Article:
Heart and Lungs in COPD. Close friends in real life - separate in daily medical practice?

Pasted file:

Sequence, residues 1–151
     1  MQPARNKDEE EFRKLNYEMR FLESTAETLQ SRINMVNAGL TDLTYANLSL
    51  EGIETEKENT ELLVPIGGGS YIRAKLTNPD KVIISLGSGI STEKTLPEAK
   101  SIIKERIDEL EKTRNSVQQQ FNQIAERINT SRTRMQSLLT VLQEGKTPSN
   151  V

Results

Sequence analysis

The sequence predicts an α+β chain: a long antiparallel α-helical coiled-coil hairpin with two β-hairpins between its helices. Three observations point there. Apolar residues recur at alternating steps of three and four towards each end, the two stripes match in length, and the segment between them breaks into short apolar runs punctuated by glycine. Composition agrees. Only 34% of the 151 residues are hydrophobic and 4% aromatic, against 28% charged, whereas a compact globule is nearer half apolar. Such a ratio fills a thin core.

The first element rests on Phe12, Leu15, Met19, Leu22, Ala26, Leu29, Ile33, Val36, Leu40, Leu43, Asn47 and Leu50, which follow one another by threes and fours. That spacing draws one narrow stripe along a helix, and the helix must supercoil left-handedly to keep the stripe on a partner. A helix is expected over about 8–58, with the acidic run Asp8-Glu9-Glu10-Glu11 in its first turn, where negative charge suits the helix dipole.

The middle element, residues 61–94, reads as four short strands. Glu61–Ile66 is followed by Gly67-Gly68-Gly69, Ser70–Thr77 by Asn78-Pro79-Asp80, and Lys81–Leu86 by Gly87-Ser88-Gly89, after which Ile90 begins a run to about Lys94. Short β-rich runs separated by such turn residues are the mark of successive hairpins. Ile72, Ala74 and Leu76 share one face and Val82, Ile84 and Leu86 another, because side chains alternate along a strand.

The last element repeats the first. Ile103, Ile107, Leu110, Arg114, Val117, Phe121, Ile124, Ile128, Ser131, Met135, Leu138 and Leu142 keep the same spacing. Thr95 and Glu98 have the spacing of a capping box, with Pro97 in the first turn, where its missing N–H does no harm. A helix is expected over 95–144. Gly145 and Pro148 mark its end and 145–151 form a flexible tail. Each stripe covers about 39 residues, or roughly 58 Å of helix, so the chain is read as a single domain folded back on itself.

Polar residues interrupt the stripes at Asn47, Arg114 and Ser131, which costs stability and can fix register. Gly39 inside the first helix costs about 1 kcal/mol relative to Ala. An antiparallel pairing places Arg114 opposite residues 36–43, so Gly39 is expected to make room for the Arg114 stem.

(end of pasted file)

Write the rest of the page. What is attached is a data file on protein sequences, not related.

AbstractChronic obstructive pulmonary disease (COPD) is associated with a 2-3 times higher rate of cardiovascular disorders (CVD) which is independent of other risk factors. A low FEV1 is a specific predictor of mortality as a result of cardiac causes, even stronger than increased cholesterol: for each 10% reduction of FEV1, cardiovascular mortality increases by 28%. The main causes of death among COPD patients are of cardiovascular origin. COPD and CVD have two major risk factors in common - advanced age and tobacco smoking. The search for a pathogenetic link between the two conditions focuses mainly on systemic extension of pulmonary inflammation. Despite such a frequent association, pulmonologists and cardiologists in both the clinical and the research settings often underestimate the importance of a correct diagnosis and severity stratification of the two combined conditions. Spirometry, in particular, is largely underprescribed. Missed diagnosis and severity stratification, incomplete knowledge of adverse drug events and lack of resources lead to undertreatment of patients combining COPD and CVD, and in particular, the underuse of beta-blockers, inhaled bronchodilators and rehabilitation. Clinical studies focusing on this group of patients should be promoted in the future to test therapies and manage options. Furthermore, efforts must be made to improve the present standards of care, which falls short of recommended levels, starting from the often-neglected use of spirometry to confirm a diagnosis of COPD.
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